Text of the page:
Prague Cemetery, by Umberto Eco
“I hate, therefore I am” describes the main character Simonio Simonini in this historical novel set in mid-nineteenth century Paris. Simonini, as well as his alter ego Abbe Dalla Piccola, is a talented forger and conspirator who seems to be behind numerous slanders concerning Jews, Jesuits, Freemasons, the Illuminati, and other groups lurking behind government and heads of state, all trying to subvert the body politic with their schemes for world domination. Simonini hates the Germans, the French, the Italians, the British, and just about everyone else. He is phobic about women and values fine cuisine. The novel is about his escapades during the Franco- Prussian war and his involvement in “The Protocols of the Elders of Zion” and the Dreyfuss affair.
I like Eco’s writing because he is funny and erudite, but it is an acquired taste. This book is not for everyone as it shows the rampant anti-Semitism present in Europe at that time. The Prague Cemetery takes conspiracy theories to the ultimate level, and is recommended for fans of conspiracy thrillers.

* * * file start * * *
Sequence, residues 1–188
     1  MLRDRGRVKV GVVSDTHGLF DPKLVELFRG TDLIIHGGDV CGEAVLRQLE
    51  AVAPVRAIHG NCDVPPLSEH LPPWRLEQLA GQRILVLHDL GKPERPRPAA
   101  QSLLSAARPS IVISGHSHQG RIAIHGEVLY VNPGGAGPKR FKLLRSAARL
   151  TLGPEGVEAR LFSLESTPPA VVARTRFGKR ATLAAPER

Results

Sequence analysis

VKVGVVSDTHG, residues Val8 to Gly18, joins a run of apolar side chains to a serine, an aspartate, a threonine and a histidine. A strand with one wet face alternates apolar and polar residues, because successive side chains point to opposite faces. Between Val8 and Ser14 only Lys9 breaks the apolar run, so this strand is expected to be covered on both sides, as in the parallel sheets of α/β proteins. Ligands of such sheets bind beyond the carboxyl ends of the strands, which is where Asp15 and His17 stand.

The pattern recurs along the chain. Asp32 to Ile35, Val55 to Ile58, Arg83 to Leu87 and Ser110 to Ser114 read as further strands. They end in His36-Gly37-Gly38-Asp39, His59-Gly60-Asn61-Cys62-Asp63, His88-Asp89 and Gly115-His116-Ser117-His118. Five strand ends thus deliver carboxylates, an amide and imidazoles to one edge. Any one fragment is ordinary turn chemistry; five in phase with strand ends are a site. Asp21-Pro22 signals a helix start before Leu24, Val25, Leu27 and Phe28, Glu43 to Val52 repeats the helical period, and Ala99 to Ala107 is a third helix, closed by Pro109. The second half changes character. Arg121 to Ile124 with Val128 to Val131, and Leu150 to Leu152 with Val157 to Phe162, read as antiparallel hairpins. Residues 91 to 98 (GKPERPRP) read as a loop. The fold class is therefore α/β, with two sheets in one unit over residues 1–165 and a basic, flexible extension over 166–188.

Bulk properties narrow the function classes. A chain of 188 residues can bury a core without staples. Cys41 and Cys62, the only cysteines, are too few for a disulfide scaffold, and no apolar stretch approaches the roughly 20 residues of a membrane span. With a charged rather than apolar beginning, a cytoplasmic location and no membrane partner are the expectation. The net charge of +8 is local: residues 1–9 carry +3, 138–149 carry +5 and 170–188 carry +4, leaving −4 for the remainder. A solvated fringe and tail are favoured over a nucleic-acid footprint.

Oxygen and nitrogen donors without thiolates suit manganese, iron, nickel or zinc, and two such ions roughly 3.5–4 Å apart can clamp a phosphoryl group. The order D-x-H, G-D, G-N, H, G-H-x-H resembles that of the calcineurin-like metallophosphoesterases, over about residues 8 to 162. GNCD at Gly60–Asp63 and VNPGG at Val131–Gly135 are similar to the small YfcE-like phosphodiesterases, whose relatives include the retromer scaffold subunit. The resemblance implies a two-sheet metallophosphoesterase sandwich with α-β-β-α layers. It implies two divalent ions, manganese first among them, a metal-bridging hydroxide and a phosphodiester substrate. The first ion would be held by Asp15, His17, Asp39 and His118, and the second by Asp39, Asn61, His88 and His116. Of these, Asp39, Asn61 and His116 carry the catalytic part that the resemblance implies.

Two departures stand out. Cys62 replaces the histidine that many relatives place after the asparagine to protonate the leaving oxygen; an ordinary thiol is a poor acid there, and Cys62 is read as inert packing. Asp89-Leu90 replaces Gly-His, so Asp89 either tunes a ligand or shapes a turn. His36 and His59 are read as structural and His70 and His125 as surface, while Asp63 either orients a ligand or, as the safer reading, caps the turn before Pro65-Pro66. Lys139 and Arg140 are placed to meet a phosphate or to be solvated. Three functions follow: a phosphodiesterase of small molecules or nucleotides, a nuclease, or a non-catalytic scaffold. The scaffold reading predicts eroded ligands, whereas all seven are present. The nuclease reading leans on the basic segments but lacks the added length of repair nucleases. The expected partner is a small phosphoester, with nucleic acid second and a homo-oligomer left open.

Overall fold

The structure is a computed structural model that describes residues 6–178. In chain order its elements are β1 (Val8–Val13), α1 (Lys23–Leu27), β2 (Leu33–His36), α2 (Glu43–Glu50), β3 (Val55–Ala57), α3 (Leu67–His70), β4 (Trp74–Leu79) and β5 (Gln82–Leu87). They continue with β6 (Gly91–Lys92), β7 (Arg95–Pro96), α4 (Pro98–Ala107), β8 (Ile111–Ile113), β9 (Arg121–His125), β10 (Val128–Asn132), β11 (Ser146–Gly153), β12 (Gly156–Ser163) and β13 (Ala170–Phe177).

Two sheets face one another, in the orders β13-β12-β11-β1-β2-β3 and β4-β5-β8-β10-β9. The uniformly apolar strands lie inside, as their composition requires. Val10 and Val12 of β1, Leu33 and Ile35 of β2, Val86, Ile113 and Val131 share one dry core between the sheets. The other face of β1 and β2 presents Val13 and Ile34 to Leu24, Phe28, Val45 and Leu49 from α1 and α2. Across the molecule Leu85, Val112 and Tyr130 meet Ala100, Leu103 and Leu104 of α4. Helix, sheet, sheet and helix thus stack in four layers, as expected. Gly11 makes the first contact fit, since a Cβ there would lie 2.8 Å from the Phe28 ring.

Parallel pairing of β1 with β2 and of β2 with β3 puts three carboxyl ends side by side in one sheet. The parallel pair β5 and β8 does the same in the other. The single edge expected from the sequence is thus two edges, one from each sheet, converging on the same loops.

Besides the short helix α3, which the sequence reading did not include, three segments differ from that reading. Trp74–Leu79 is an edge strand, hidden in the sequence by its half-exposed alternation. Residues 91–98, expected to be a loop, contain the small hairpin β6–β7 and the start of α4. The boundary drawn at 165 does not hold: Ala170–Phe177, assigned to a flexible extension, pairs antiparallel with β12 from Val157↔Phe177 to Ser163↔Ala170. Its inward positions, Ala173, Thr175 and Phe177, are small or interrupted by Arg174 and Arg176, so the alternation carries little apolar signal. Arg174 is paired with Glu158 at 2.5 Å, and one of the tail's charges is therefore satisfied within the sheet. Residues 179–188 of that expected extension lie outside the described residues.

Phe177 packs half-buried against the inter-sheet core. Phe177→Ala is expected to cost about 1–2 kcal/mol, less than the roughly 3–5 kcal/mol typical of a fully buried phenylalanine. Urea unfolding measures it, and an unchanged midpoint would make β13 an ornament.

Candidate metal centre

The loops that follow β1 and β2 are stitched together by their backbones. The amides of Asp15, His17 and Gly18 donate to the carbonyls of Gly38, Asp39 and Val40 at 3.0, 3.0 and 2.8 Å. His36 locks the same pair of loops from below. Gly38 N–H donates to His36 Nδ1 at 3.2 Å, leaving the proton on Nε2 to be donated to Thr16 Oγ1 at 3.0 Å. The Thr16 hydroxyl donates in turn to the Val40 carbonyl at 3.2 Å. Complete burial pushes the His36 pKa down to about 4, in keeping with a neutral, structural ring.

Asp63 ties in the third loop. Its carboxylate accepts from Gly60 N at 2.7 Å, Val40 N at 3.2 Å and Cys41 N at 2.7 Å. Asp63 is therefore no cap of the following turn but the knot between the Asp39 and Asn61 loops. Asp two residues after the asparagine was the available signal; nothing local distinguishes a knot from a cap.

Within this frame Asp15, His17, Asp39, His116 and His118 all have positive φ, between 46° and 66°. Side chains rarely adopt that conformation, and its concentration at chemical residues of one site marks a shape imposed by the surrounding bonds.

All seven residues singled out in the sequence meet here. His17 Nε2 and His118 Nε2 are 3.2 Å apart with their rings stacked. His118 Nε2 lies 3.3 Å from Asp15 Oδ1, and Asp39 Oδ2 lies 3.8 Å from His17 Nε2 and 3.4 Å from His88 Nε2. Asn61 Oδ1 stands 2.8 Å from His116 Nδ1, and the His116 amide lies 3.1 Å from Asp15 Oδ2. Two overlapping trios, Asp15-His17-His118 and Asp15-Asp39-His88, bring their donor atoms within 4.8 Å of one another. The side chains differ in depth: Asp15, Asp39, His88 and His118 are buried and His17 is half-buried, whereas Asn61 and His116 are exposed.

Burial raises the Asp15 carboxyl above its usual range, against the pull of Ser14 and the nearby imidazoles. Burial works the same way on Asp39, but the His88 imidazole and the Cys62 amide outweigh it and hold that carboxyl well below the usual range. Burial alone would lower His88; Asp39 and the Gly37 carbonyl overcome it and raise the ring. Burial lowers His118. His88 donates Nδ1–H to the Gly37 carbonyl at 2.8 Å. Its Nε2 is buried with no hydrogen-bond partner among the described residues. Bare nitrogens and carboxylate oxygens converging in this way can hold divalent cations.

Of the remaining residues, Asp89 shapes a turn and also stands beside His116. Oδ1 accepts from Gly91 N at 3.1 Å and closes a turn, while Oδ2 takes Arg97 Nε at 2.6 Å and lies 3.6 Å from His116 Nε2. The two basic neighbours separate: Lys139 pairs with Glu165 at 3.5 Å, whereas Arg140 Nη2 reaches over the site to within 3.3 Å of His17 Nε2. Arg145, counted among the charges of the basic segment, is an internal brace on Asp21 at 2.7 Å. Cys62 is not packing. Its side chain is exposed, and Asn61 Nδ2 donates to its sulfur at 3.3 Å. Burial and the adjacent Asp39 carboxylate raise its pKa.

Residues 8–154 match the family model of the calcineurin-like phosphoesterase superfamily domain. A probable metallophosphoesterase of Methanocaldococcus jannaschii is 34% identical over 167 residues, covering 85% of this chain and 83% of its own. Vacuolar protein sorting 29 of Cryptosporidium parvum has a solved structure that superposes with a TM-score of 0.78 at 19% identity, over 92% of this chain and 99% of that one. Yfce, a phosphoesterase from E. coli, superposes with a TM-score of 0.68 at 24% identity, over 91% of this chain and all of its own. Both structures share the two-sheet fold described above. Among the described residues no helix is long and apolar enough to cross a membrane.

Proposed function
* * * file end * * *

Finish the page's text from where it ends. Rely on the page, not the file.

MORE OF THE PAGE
Ysabel, by Guy Gavriel Kay
A historical mystical fantasy with Celtic elements and a harrowing love story; Ysabel, by Guy Gavriel Kay, has been called astonishing. It swept me away. Winner of the World Fantasy Award for Best Novel in 2008 and a Locus Award finalist.
See the author’s web site to find out more about Ysabel.
The Darling Dahlias and the Naked Ladies, by Susan Wittig Albert
In 1930s Darling, Alabama, the ladies of the Darling Dahlias garden club garden, cook, sew, “make do”, and solve mysteries. Their first appearance was The Darling Dahlias and the Cucumber Tree. The latest excitement in town is the arrival of Nona Jean Jamison and her friend Lily Lake, come to stay with Nona Jean’s reclusive aunt. They are rumored to be the Naughty and Nice Sisters from the Ziegfeld Frolics, and are followed to town by a nosy man from Chicago, who may be an investigator or connected to Al Capone. Liz Lacy, along with Verna, Bessie, and Myra Mae investigate, while coping with domestic dramas along the way. The colorful characters seem real, as does the setting. The naked ladies turn out to be beautiful lilies that bloom above a naked stalk. For more about the Dahlias, visit their web site.
The Big Read is coming! The 2012 Big Read selection is The Paris Wife, by Paula McLain. A wide variety of programs and book discussions will be offered by 10 southwest suburban public libraries during March and April, 2012, with an author visit in May.
For more information, visit thebigread.org.